Aquarius-Pisces or Leo-Virgo for the crossings. The fully fluffed ring 
phase occurs near the winter and summer solstices in Scorpius-
Sagittarius and Taurus-Gemini. 
Hunting the crossings 
 ------------------- 
    With Saturn in Leo-Virgo, opposition occurs in March. Saturn in 
Aquarius-Pisces puts opposition in September. I then calculated the 
ring tilt for the opposition, using March 15 or September 15 as a 
starting date. If the rings were closed up, only a couple degrees 
tilt, I knew that year experienced a triple event. A binary search 
around opposition turned up the central of the three crossings. 
    Finding the other two was slippery due to their irregular 
spacings. I started with three months before and after opposition. A 
binary search around these dates rustled up the 1st and 3rd crossings. 
    If the rings were quite open, there was only a single crossing. I 
then explored around the superior conjunction. This is, for a starting 
point, six months before or after opposition. (Saturn moves slowly 
thru the zodiac.) One of them is quickly seen to be way off; the rings 
keep opening up. The other closes them. 
    A home computer and astronomy software accomplished in one weekend 
what used to take weeks of time and teams of mathematicians. The 
scenarios are easiest seen in table form. 
  Saturn in        Opposition  Tilt     Crossings 
  ---------------  ----------  -------  ---------------------------
  Leo-Virgo        March       small    triple; try prev Dec & next 
                                        Jun for 1st & 3rd events 
                               large    single; try prev and next Sep 
                                        (super conjtn) for event 
  Aquarius-Pisces  September   small    triple; try prev Jun & next                  
                                        Dec for 1st & 3rd events 
                               large    single; try prev and next Mar 
                                        (super conjtn) for event 
1936-1937 crossing 
 ----------------
    The ring crossing of 1936 was a single one, but almost a triple. 
Or it was barely a triple. On 1937 Feb 20 Earth crossed from north to 
south for a clean event. It was hard to observe due to Saturn's small 
elongation from the Sun in evening twilight. 
    The tricky calculation is for the crossings in June 1936. By some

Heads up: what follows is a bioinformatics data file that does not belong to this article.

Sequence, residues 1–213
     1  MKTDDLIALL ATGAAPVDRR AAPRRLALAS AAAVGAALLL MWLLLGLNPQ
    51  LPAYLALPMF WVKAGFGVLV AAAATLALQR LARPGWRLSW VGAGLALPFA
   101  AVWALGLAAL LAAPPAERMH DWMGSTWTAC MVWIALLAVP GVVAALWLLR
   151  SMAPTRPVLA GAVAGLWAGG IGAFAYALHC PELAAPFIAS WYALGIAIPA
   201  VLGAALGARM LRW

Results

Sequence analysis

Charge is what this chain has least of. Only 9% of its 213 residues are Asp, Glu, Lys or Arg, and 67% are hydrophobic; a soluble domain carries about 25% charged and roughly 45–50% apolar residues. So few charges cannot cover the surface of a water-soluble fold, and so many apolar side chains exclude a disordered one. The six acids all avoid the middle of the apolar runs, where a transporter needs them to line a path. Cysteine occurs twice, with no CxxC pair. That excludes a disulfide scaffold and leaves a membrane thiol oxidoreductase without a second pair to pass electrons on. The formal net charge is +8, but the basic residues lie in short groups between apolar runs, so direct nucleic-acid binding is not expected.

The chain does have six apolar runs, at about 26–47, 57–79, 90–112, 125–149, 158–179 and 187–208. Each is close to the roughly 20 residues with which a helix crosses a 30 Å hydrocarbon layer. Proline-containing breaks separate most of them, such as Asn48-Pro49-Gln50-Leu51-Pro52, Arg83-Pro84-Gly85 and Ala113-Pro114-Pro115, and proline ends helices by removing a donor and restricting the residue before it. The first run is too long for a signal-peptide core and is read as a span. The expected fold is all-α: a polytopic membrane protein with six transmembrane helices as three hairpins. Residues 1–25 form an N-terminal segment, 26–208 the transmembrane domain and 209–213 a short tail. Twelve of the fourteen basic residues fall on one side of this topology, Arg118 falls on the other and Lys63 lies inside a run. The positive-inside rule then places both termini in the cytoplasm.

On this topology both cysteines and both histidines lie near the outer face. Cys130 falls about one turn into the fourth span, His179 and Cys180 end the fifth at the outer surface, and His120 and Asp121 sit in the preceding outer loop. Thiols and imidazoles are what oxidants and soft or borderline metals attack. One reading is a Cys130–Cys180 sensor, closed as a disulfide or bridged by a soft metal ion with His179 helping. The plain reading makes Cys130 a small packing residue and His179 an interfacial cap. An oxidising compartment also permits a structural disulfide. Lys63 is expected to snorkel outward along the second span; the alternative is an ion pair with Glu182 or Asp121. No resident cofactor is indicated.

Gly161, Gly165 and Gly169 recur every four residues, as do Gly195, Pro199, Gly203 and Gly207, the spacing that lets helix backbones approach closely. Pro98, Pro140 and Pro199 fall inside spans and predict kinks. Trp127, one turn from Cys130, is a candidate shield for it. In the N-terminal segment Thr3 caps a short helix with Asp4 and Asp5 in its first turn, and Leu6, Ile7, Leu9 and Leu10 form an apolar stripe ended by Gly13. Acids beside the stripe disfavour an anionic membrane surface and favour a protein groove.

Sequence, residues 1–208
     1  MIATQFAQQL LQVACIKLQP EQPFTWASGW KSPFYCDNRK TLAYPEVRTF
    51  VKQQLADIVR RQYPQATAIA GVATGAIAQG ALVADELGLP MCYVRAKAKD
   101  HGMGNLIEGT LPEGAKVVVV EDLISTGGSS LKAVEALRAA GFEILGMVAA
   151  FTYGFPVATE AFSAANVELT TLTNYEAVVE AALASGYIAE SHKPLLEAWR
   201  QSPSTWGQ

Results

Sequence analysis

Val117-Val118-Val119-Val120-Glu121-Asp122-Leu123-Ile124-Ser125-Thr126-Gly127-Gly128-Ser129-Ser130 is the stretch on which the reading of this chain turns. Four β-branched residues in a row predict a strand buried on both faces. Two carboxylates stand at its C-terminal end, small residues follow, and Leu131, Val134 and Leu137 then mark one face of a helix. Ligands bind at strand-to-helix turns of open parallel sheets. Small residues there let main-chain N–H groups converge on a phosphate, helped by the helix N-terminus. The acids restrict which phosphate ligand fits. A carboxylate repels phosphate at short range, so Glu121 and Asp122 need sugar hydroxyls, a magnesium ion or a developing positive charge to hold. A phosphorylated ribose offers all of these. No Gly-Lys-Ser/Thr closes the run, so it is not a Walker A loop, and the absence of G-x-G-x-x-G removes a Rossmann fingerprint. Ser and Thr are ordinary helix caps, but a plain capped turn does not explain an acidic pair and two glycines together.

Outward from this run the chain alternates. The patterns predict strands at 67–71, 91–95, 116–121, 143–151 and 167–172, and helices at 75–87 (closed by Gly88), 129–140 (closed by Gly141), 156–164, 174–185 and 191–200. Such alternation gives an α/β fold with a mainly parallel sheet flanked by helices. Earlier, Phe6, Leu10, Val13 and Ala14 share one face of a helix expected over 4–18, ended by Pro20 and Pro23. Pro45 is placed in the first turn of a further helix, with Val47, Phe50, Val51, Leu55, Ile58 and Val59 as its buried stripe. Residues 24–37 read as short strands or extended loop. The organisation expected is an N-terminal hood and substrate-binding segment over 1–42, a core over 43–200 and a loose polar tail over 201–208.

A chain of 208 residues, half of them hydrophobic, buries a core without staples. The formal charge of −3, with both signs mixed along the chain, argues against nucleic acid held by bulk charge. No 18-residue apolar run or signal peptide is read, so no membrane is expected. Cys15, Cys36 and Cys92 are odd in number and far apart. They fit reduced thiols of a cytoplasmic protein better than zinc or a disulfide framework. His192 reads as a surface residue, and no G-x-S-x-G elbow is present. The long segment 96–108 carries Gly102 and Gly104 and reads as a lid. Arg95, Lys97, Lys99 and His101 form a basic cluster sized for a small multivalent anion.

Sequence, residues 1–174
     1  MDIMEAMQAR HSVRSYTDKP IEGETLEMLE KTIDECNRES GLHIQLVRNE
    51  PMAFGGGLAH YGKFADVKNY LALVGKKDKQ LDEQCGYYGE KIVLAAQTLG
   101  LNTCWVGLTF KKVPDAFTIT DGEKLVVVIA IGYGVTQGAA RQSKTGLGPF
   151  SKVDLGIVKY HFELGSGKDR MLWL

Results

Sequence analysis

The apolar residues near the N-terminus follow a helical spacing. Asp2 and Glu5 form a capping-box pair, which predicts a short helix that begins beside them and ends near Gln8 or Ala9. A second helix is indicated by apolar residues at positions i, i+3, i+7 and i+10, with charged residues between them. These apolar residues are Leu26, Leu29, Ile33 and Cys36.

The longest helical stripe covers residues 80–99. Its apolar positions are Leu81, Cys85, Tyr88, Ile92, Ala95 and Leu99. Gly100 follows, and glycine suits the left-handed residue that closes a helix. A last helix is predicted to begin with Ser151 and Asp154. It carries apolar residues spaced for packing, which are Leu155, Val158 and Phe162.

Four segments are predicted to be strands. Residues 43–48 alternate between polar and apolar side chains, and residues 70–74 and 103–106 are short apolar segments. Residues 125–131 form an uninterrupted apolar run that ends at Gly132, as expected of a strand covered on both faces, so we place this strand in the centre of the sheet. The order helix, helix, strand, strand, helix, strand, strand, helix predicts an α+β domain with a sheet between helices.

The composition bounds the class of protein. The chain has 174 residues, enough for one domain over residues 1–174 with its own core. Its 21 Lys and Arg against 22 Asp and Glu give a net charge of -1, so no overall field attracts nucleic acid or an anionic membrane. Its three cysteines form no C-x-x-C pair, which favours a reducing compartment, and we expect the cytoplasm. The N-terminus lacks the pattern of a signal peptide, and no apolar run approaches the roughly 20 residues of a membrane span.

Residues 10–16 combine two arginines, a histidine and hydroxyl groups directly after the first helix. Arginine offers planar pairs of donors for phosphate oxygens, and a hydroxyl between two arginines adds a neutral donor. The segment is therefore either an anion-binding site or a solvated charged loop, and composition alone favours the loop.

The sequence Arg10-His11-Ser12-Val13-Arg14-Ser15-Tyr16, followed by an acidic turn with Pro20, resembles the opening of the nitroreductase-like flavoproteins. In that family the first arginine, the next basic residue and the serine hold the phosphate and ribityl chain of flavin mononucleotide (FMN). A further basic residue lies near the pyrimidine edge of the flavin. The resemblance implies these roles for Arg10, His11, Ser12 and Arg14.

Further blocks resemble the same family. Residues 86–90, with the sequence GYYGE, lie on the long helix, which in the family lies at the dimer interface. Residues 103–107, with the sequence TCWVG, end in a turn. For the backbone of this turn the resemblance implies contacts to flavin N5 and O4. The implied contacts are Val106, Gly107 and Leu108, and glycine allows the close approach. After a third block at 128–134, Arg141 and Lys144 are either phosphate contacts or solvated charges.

calcs, there was none. On 1936 June 28 Earth approached the rings from 
the north, hovered a millidegree or so north of them, then backed 
away. 
    Other calcs show there was barely a crossing on June 26, north to 
south, and an other on June 30, south to north. Earth between the two 
events stayed within a millidegree of the rings, with greatest tilt on 
June 28. 
    I give my own figures based on modern parameters for Saturn and 
    Earth. Accounts from the 1936-1937 event generally state there was 
only the one crossing on 20 February 1937 and a kiss, as it were, on 
28 June 1936. 
    A similar situation occurred in 1684-1685. With the crude scopes 
of 
that era, reports show a crossing in December 1684. There was none. 
Earth came within two-tenth degree of the rings, then receded. A 
modern scope would have easily caught the missed crossing. The real 
edgeon event came on 29 August 1685. 
Table of crossings 
 ----------------
    I give here the last few crossings and the upcoming one. The 
dates are in New York time. I include for context the superior 
conjunctions and oppositions associated with the crossings. 
  date         event         elong  comments 
  -----------  ------------  -----  ------------------
  1936 Mar  3  super conjtn    0    north face exposed 
  1936 Jun 26  1st crossing  102 W  north to south, morning
  1936 Jun 30  2nd crossing  106 W  south to north, morning
  1936 Sep 10  opposition    180    Saturn in Aquarius-Pisces 
  1937 Feb 20  3rd crossing   21 E  north to south, evening
  1937 Mat 15  super conjtn    0    south face exposed 
  (some calcs show no actual crossing in June 1936)
  1949 Sep  4  super conjtn    0    south face exposed 
  1950 Mar  8  opposition    180    Saturn in Leo-Virgo  
  1950 Sep 14  one crossing    1 E  south to north, evening
  1950 Sep 17  super conjtn    0    north face exposed 
  1966 Mar 10  super conjtn    0    north face exposed 
  1966 Apr  5  1st crossing   19 W  north to south, morning 
  1966 Sep 18  opposition    180    Saturn in Aquarius-Pisces 
  1966 Oct 26  2nd crossing  139 E  south to north, all night 
  1966 Dec 17  3rd crossing   88 E  north to south, evening 
  1967 Mar 22  super conjtn    0    south face exposed 
  1979 Sep 11  super conjtn    0    south face exposed 
  1979 Oct 26  1st crossing   29 W  south to north, morning 
  1980 Mar 12  2nd crossing  178 W  north to south, all night 
  1980 Mar 15  opposition    180    Saturn in Leo-Virgo 
  1980 Jul 22  3rd crossing   52 E  south to north, evening 
  1980 Sep 24  super conjtn    0    north face exposed 
  1995 Mar  5  super conjtn    0    north face exposed 
  1995 May 22  1st crossing   67 W  north to south, morning 
  1995 Aug 11  2nd crossing  144 W  south to north, all night  
  1995 Sep 13  opposition    180    Saturn in Aquarius-Pisces 
  1996 Feb 11  3rd crossing   31 E  north to south, evening 
  1996 Mar 16  super conjtn    0    south face exposed 
  2008 Sep  4  super conjtn    0    south face exposed 
  2009 Mar  9  opposition    180    Saturn in Leo-Virgo 
  2009 Sep  4  one crossing   12 E  south to north, evening 
  2009 Sep 18  super conjtn    0    north face exposed 
Elongation 
 --------
    Elongation is the angular distance along the ecliptic of Saturn 
from the Sun. Within 120 degrees east of the Sun I note that Saturn is 
in the evening sky. Between 120 E and 120 W, all night sky; within 120 
W, morning sky. Note that the direction refers to the displacement 
from the Sun, NOT the location in the sky. This can be confusing at 
first, being that Saturn in small eastern elongation is in the western